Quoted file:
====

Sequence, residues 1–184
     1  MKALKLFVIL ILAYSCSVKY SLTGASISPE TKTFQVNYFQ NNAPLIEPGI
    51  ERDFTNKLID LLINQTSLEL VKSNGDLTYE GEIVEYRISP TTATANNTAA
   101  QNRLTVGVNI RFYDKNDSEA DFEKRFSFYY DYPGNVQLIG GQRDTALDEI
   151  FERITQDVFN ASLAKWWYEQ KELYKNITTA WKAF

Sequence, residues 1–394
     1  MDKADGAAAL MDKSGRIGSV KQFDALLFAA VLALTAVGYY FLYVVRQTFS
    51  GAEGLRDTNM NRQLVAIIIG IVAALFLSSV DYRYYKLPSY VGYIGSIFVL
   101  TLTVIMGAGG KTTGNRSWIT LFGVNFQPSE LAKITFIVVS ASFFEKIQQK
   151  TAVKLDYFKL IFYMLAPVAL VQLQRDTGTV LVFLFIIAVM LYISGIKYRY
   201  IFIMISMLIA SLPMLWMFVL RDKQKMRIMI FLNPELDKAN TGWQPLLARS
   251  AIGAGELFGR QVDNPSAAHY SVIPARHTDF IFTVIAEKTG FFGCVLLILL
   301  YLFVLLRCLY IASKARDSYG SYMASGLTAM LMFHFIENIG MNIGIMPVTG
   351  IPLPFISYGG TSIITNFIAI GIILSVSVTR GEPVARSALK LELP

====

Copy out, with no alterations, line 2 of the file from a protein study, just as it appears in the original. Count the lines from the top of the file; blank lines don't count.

     1  MKALKLFVIL ILAYSCSVKY SLTGASISPE TKTFQVNYFQ NNAPLIEPGI